Join more than 1.500 of your peers to stay up to date with the latest in thrombosis.
Sign up now!
This website is intended to provide information to an international audience outside the USA and UK
Archie is 70 years old and has recently retired after working for 33 years as a civil engineer. For several years he has been eagerly looking forward to spending more time with his four young grandchildren. He has a history of hypertension but is otherwise well. Following several recent episodes of feeling faint and dizzy, he was diagnosed with non-valvular atrial fibrillation (NVAF). After discussion with his doctor, the decision was made to start anticoagulation.
At the age of 70, it is likely that Archie will be on anticoagulation for many years to come; although he is not in a vulnerable population now, he may well be in the future. How would you treat Archie to ensure that he receives the best possible protection against the complications of atrial fibrillation (AF)?
Patients with AF frequently suffer from co-morbid diseases, which can complicate treatment and worsen prognosis. Several often-encountered challenges facing patients with AF are: diabetes (found in around 22% of patients with AF), renal impairment (found in around 10% of patients with AF) and cardiovascular disease (of which coronary artery disease alone is found in around 20% of patients with AF).1 All of these co-morbidities can influence the likelihood of stroke or alter bleeding risk.2-4
Co-morbidities are frequently encountered in patients with AF1
AF, atrial fibrillation
Opting for the most appropriate anticoagulant for a patient with AF can provide the best chance of protection from the potentially life-threatening or debilitating consequences of stroke.5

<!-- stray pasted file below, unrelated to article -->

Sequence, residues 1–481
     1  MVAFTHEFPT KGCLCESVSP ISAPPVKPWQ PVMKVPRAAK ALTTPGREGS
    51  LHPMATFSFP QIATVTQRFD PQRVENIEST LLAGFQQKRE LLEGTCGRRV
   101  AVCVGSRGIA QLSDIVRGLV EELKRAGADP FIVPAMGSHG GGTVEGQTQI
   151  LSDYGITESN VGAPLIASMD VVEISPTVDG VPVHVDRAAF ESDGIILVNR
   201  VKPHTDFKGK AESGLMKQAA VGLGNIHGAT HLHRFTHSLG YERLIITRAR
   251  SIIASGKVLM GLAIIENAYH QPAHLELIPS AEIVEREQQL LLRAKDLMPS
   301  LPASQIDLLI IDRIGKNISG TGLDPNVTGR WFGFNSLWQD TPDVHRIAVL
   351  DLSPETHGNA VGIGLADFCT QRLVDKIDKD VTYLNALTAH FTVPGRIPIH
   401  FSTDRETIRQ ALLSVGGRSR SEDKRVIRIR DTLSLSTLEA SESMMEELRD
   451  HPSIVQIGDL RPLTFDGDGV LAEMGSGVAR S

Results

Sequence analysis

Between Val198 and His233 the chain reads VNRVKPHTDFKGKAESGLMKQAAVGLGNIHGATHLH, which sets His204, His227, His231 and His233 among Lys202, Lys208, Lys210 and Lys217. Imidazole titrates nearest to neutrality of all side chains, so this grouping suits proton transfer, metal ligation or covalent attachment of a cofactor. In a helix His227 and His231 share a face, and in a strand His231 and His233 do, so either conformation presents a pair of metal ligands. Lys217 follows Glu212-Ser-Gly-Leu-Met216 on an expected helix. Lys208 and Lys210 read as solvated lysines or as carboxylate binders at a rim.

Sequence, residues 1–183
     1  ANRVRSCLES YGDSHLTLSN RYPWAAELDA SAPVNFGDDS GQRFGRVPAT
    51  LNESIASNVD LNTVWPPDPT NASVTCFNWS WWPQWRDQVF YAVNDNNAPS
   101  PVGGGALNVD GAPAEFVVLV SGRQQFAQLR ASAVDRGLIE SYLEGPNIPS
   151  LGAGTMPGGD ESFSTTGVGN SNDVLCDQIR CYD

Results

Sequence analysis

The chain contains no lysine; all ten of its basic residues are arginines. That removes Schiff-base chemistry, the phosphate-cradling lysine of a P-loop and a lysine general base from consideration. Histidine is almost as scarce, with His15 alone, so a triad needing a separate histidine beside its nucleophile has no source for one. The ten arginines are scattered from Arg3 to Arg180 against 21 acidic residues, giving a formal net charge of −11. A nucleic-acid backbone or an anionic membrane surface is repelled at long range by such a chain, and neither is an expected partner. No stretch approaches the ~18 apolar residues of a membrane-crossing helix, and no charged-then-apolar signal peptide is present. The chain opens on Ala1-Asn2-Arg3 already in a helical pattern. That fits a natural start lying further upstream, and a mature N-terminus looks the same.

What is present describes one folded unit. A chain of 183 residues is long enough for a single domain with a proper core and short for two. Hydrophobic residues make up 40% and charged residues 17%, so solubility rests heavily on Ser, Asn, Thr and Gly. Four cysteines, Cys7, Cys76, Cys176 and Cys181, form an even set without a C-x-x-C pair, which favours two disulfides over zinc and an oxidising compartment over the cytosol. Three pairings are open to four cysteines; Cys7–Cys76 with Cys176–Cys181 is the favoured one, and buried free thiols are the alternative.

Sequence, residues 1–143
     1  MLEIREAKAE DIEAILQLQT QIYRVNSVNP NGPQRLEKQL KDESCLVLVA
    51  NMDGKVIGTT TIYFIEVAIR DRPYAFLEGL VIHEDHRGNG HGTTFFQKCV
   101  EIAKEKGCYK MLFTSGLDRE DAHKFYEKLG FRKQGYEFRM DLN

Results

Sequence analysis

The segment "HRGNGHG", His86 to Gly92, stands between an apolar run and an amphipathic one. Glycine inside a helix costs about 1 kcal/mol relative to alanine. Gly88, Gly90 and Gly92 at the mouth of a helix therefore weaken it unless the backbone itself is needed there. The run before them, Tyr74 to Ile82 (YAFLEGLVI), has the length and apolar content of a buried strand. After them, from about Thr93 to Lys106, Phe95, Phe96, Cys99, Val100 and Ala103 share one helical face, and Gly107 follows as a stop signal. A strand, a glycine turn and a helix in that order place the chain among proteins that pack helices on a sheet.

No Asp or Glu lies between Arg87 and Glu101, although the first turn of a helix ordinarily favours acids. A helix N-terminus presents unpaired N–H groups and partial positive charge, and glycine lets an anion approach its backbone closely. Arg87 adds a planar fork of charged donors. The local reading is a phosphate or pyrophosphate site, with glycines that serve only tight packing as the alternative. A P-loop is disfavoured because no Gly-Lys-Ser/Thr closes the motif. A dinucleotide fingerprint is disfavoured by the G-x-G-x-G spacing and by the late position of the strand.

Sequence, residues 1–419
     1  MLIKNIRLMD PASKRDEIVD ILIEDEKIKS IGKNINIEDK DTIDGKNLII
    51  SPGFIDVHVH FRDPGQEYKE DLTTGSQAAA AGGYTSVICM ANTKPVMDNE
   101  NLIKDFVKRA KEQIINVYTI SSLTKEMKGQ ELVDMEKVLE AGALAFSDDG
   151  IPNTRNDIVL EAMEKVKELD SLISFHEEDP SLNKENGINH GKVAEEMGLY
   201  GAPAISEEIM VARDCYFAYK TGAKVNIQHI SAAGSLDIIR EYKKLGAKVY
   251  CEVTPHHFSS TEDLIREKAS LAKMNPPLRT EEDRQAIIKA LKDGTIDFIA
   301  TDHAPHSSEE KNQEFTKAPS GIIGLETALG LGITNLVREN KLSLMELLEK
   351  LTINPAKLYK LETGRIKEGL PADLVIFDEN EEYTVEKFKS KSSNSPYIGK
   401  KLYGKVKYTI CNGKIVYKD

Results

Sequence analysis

It is important that clinical trials are conducted in patient populations that are representative of those who will ultimately be prescribed the treatment. The ROCKET AF trial studied rivaroxaban in vulnerable patients with AF, its population had the highest mean CHADS2 score of the phase III non-vitamin K antagonist oral anticoagulant (NOAC) studies.6 Around 40% of patients in ROCKET AF had diabetes, 21% had moderate renal impairment, 63% had heart failure and 55% had experienced a prior stroke or a transient ischaemic attack (TIA).6,7 Of the phase III NOAC trials, this was the greatest proportion of patients with these conditions, with results that consistently demonstrated a reliable treatment effect.7-11
ROCKET AF had the most vulnerable patient population of the phase III NOAC studies8-11
CHADS2, Congestive heart failure, Hypertension, Age ≥75 years, Diabetes mellitus, Stroke or transient ischaemic attack (2 points); NOAC, non-vitamin K oral anticoagulant. The results are not intended for direct comparison.